(a) Retention performance of the HRS and LRS of the devices. (b) Logarithmic plot and linear fitting of the previous I–V curve. (c) Switching voltages and RHRS/RLRS ratios for different devices.

Figure 5 shows an illustration of the CF model for the RS mechanism of Pt/a-YFCO/SRO. A dynamic model of oxygen-deficiencies gathering and migrating was proposed to interpret the RS mechanism. There are lots of oxygen-deficiencies in the a-YFCO and SRO films due to their preparation conditions. Oxygen-deficiencies can be driven away by the “SET” electrical stimulus and then return to the original sites during the “RESET” process. In the HRS, a current probably originates from defects without forming filaments of interconnected oxygen-deficiencies, as shown in Fig. 5(a–d). On the other hand, the filaments will be formed due to the oxygen-deficiencies migration driven by electric field and subsequent LRS was observed, as shown in Fig. 5(c). When a negative voltage is applied, lots of oxygen-deficiencies are driven from BE to TE [Fig. 5(b)]. Once the voltage sweeps to a certain value, oxygen-deficiencies arrange themselves to form a continuous CF between the TE and BE, as shown in Fig. 5(c). The electrons flow along the chain of lower valent cations that are caused by the oxygen-deficiencies. As a result, the system enters the LRS. When a positive voltage is applied to the device during “RESET” process, the interconnected oxygen-deficiencies in the a-YFCO films were ruptured due to the oxygen-deficiencies migrating toward the BE and the system enters the HRS [Fig. 5(d)]. If the voltage sweeps firstly from zero to a positive voltage, the RS hysteresis can also be expected because the migration of oxygen-deficiencies can be tuned by different electric field.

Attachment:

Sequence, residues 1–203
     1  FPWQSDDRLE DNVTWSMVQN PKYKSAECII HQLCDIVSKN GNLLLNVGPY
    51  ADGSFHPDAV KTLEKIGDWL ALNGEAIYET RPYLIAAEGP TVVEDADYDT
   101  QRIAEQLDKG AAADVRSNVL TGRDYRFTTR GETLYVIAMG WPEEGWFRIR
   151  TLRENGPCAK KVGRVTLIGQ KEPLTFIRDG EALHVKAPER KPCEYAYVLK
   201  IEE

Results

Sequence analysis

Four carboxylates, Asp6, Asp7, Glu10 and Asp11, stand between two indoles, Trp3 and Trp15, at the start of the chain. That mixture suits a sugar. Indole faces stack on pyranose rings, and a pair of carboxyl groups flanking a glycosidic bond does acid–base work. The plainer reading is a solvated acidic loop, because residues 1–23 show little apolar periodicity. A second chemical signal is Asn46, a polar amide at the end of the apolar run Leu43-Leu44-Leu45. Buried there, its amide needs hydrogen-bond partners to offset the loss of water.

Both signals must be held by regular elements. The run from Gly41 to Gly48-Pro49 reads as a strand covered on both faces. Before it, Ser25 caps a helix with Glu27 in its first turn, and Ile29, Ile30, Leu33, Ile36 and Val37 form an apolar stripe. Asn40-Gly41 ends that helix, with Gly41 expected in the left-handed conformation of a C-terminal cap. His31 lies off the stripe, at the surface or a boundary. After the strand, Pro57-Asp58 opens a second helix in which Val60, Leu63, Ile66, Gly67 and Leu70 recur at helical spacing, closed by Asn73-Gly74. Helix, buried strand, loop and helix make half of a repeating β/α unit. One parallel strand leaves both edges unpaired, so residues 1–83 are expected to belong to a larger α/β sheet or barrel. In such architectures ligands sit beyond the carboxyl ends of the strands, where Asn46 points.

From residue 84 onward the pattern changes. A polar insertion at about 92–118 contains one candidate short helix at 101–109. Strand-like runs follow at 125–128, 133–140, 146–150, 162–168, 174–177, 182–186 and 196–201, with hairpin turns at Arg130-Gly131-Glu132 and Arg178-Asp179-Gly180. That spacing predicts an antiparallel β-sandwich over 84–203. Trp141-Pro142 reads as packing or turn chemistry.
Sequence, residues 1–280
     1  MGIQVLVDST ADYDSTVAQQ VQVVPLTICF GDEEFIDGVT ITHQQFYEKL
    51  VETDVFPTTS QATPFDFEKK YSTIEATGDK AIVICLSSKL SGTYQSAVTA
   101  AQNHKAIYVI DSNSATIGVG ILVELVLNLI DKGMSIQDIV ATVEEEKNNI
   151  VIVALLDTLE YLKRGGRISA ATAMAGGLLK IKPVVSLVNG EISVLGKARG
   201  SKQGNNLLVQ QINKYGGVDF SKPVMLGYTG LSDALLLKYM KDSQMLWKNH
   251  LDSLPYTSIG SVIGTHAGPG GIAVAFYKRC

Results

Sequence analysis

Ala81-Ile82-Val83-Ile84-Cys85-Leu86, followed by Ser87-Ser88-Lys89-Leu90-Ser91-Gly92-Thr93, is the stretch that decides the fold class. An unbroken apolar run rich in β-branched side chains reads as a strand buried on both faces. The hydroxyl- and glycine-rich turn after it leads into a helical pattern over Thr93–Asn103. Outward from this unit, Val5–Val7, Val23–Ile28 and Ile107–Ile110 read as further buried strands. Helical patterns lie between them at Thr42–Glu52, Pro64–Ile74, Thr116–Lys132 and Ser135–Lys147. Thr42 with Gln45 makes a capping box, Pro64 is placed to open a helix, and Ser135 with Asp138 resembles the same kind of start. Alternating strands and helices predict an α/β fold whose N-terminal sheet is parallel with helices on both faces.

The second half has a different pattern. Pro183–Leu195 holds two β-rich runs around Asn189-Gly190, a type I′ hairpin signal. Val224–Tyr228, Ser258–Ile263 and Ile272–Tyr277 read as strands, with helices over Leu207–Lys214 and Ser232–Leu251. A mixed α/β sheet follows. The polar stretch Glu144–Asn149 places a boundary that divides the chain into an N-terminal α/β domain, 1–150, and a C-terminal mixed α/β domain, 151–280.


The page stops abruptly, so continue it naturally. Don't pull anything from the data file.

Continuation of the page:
Figure 5

Schematic diagrams of the RS mechanism of the Pt/a-YFCO/SRO device.